CLAIMS that Theresa May has struck a secret controversial deal with Brussels she believes will get through Parliament were rebuffed yesterday by the Government as the Prime Minister braces for a showdown with her Cabinet over the claims. But the Prime Minister is braced for tough questioning by ministers at tomorrow’s weekly Cabinet meeting after the incendiary report that she has privately secured concessions from the European Union. The UK wants agreement on its exit deal plus a “political declaration” on its future economic partnership with the EU to be concluded by the end of this month.
Theresa May spent yesterday telephoning key cabinet ministers as Downing Street sought to calm fears that she was about to dash to the finishing line of Brexit talks. The prime minister spoke to Leave-supporting colleagues after reports that an agreement was far closer than had been acknowledged. Some fear that she is about to trigger a deal-making summit with the EU later this month without securing political agreement for the final negotiation. She will meet President Macron for Armistice Day commemorations on Friday with the fate of the negotiations in the balance.
MPs have been urged to back another Brexit referendum by 1,400 of the UK’s top lawyers. They have written to Prime Minister Theresa May to say that Parliament should not be bound by the 2016 vote. “Democratic government is not frozen in time,” the letter said. Meanwhile former foreign secretary Boris Johnson has made a renewed attack on Mrs May’s Brexit strategy. Writing in the Sun newspaper, he called the plan “an absolute stinker”. Among the signatories of the letter are Labour peer Baroness Kennedy QC, former Court of Appeal judge Konrad Schiemann and David Edward, a former judge at the European Court of Justice.
Dominic Raab has privately demanded the right to pull Britain out of the EU’s Irish backstop after just three months, the Telegraph has learned, setting back the prospect of clinching a Brexit divorce deal this week. The hardline pitch by the Brexit Secretary to the Irish government early last week is understood to have “stunned” Irish officials and exposed the continued deep divisions in Cabinet over how to prosecute the Brexit talks. Mr Raab’s proposal was put to the Irish deputy prime minister Simon Coveney in a private meeting in London last Tuesday, but three days later was apparently contradicted by David Lidington, the UK’s de facto deputy prime minister, on a visit to Dublin.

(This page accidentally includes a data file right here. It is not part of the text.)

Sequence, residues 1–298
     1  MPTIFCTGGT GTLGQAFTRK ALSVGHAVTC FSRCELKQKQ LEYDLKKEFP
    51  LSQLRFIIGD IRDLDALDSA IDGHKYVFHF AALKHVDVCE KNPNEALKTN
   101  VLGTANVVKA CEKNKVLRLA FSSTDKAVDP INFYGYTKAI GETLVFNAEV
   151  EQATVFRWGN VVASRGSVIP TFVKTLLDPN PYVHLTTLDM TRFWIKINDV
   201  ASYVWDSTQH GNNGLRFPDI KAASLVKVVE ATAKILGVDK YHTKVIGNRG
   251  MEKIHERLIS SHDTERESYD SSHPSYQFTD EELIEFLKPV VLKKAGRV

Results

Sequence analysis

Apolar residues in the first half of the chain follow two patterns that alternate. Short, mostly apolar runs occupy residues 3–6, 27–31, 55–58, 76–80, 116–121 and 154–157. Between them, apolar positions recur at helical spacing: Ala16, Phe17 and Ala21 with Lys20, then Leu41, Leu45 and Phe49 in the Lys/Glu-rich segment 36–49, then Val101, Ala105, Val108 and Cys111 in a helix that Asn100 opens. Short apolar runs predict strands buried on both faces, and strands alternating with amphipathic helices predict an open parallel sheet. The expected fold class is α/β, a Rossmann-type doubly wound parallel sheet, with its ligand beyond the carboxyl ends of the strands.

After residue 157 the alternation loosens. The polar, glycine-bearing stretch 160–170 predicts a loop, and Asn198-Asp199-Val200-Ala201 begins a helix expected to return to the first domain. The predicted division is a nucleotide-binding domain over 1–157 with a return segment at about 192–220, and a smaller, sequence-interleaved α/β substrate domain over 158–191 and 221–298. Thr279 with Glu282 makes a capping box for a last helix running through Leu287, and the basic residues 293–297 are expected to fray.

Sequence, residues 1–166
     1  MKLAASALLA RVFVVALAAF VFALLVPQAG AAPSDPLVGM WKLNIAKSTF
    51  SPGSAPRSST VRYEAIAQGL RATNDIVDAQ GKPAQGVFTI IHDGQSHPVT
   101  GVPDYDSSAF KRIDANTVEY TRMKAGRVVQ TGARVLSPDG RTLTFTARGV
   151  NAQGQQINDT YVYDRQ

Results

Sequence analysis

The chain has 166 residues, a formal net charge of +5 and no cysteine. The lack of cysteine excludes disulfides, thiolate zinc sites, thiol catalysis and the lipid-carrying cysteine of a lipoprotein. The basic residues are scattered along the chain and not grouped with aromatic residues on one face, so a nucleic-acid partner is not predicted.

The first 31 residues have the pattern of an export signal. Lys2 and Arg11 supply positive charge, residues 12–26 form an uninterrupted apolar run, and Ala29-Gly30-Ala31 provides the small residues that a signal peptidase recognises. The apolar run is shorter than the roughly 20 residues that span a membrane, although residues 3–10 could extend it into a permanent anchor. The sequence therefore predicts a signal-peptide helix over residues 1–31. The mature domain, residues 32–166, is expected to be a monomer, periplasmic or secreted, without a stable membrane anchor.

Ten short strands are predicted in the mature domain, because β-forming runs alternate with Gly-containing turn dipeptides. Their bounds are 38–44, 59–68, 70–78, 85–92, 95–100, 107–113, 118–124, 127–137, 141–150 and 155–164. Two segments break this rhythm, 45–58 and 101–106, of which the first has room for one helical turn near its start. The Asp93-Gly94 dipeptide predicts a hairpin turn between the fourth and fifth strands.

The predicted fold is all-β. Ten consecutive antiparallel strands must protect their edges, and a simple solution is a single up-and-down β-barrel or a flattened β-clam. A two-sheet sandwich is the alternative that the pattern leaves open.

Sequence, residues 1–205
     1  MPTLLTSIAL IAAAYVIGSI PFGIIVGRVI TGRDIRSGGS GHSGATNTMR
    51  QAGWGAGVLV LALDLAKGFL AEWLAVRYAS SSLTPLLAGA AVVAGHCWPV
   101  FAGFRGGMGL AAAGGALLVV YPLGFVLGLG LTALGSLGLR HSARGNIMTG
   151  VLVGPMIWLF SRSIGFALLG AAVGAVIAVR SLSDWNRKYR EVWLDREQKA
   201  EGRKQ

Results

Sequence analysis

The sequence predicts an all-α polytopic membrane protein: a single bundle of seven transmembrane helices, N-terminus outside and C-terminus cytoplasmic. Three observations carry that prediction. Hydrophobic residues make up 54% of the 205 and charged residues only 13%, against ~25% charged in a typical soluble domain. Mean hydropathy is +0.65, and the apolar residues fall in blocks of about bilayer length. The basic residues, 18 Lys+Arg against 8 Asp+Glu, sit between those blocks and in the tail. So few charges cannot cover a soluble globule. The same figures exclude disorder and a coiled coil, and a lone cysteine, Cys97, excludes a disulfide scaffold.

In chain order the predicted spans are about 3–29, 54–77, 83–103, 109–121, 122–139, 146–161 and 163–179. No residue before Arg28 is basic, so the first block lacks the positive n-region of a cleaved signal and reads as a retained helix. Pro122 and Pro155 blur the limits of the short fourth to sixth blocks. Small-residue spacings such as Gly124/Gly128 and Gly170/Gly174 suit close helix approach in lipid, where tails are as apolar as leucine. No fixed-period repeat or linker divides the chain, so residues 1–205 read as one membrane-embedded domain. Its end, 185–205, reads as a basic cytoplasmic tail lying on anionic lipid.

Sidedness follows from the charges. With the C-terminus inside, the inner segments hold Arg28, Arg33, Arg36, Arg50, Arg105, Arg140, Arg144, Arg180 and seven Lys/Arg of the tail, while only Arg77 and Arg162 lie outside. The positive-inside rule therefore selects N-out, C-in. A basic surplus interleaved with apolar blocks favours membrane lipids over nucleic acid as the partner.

The chances of Theresa May striking a deal with Brussels on the Irish border that she can sell to the cabinet and parliament are said by EU officials to be “50-50” as the fraught talks enter their final stretch. The British negotiating team and the European commission’s taskforce, led by Michel Barnier, are to enter a secretive phase known as the “tunnel” this week, but senior EU figures involved in the talks warned the competing redlines remain “incompatible” in key areas.
IRISH communist leader Eugene McCartan urged the labour movement at the weekend to “step up the struggle for an Irish exit” from the European Union. Writing in the November issue of Socialist Voice, the Communist Party of Ireland general secretary noted that the organised labour movement had spent the last 40 years “cosying up to the EU, selling it to Irish workers as the ‘protector of workers’ rights’ and in the process receiving funds from the EU for education and training.”